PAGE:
Revised taxonomy of zoonotic pathogens in the Trichophyton benhamiae complex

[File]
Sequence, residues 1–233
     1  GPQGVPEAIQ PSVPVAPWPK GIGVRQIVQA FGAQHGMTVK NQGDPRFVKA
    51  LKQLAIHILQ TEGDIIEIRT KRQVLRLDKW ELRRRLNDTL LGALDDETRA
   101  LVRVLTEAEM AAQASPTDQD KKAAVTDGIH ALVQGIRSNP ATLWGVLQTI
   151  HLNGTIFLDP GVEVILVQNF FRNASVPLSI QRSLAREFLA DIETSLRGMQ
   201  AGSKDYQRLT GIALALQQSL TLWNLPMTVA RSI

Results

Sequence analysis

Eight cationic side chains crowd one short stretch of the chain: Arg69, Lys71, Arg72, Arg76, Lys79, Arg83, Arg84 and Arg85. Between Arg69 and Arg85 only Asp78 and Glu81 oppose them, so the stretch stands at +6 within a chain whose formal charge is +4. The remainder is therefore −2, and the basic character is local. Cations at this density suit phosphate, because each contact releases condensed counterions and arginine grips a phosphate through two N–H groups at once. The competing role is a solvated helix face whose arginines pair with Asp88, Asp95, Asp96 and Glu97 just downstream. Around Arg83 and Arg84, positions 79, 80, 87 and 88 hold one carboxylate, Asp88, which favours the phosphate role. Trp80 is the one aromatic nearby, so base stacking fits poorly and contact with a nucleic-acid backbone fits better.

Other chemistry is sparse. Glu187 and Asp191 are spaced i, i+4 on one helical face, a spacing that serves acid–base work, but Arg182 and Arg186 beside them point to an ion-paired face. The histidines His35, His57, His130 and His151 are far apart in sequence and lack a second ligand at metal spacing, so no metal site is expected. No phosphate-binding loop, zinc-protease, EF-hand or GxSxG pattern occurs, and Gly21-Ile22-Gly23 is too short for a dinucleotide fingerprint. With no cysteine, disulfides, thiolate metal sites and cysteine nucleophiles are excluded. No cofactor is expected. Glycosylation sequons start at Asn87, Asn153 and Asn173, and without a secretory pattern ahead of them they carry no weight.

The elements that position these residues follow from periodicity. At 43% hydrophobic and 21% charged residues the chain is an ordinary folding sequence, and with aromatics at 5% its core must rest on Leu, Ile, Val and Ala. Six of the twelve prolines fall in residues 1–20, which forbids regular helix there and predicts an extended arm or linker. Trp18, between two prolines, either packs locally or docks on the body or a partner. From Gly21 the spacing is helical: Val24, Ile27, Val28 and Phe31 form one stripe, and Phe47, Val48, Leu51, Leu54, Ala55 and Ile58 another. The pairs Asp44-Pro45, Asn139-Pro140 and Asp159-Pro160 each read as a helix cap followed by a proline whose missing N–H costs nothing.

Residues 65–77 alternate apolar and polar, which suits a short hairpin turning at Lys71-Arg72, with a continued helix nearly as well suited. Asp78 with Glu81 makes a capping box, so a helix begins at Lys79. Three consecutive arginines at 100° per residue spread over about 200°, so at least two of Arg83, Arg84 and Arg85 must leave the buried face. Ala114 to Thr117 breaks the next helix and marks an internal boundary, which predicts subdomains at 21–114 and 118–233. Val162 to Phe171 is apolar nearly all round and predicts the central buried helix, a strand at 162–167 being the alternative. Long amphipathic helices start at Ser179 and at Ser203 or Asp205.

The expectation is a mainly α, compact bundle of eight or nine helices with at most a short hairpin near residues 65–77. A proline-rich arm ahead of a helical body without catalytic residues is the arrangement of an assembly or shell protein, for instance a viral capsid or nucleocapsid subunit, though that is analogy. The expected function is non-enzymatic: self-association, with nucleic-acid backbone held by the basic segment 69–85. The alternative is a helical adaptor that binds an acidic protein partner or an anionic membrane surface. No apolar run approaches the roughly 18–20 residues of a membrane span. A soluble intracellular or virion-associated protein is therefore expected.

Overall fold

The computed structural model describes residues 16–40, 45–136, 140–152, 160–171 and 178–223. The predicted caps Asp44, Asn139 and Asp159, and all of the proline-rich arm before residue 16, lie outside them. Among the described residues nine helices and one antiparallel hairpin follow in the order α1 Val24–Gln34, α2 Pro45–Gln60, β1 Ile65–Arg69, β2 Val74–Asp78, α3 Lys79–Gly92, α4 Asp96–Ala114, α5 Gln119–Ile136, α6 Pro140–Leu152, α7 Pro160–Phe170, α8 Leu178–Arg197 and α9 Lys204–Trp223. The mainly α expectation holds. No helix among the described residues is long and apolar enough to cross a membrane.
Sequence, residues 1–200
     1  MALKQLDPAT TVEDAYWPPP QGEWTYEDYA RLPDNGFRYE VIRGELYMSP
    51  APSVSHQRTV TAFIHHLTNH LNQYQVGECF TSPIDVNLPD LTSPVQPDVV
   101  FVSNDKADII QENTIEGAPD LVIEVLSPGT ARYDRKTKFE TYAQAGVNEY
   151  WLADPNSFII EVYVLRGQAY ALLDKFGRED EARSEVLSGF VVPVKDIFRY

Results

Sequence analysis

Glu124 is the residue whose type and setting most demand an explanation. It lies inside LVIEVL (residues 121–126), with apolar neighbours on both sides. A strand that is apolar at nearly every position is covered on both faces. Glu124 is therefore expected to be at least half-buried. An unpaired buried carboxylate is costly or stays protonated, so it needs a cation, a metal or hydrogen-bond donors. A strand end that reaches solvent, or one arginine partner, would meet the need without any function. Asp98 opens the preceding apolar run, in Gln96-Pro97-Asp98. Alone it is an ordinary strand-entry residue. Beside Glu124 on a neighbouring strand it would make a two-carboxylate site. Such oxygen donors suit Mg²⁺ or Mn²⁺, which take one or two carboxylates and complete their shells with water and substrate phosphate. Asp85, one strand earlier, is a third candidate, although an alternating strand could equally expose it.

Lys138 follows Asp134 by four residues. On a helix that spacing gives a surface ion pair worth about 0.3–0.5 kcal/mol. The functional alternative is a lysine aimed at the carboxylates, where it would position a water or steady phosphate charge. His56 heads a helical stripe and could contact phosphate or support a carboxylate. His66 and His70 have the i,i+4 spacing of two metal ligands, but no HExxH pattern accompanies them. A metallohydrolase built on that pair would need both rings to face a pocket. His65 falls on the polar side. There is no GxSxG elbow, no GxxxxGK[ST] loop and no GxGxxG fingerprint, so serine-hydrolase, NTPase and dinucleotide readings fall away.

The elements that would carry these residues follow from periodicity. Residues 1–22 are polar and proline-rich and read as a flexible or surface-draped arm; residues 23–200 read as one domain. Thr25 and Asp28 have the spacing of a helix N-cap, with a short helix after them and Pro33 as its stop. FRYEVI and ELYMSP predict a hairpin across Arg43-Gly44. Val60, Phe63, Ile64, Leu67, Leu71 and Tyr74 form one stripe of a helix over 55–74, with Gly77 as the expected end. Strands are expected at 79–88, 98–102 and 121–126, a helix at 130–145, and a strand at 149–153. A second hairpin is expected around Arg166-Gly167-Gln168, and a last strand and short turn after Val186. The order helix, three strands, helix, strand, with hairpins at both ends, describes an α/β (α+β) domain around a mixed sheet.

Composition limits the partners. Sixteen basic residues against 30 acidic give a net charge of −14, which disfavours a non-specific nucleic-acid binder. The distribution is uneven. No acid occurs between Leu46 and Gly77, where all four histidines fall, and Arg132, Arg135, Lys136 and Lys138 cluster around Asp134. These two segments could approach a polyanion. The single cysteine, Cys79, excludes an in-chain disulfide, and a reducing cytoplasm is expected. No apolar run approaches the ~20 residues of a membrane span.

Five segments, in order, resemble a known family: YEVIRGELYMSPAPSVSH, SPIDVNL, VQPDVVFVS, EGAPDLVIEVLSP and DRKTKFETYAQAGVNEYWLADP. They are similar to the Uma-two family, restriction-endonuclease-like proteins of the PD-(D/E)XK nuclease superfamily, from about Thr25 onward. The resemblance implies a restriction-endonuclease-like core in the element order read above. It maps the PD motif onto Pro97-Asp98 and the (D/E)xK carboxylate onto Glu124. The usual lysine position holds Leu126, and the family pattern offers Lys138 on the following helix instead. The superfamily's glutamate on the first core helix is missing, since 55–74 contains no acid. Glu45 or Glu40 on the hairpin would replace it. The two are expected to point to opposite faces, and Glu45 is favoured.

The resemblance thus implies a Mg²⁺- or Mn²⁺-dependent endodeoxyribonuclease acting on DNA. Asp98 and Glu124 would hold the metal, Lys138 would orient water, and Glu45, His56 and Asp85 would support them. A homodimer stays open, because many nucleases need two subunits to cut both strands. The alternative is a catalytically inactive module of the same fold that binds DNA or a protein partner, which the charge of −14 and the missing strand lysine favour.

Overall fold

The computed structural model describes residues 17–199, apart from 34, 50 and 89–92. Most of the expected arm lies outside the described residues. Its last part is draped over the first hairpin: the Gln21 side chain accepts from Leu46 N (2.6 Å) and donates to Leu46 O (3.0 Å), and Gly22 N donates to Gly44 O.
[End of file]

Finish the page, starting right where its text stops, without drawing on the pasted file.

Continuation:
Species of the Trichophyton benhamiae complex are predominantly zoophilic pathogens with a worldwide distribution. These pathogens have recently become important due to their epidemic spread in pets and pet owners. Considerable genetic and phenotypic variability has been revealed in these emerging pathogens, but the species limits and host spectra have not been clearly elucidated. In this study, we used an approach combining phylogenetic analysis based on four loci, population-genetic data, phenotypic and physiological analysis, mating type gene characterization and ecological data to resolve the taxonomy of these pathogens. This approach supported the inclusion of nine taxa in the complex, including three new species and one new variety. Trichophyton benhamiae var. luteum var. nov. (“yellow phenotype” strains) is currently a major cause of zoonotic tinea corporis and capitis in Europe (mostly transmitted from guinea pigs). This variety exhibits unique phenotypic and ecological characteristics compared to T. benhamiae var. benhamiae and is distinguishable by using microsatellite markers but not with the conventional DNA sequence markers used here. We demonstrated that isolates of the “white phenotype” do not form a monophyletic group and are segregated into T. benhamiae var. benhamiae (mostly from North America; dogs), T. europaeum sp. nov. (mostly from Europe; guinea pigs), and T. japonicum sp. nov. (the major cause of zoonotic infections in Japan but also found in Europe; rabbits and guinea pigs). The new species T. africanum sp. nov. is proposed for the “African” race of T. benhamiae. The introduction to new geographic areas and host jump followed by extinction of one mating type gene have played important roles in the evolution of these pathogens. A microsatellite typing scheme consisting of ten markers was developed for the purpose of the epidemiological surveillance of these emerging pathogens. Our preliminary data showed, that MALDI-TOF mass spectrometry method is able to discriminate between the newly proposed species and varieties, suggesting that this method is useful for identification in clinical practice.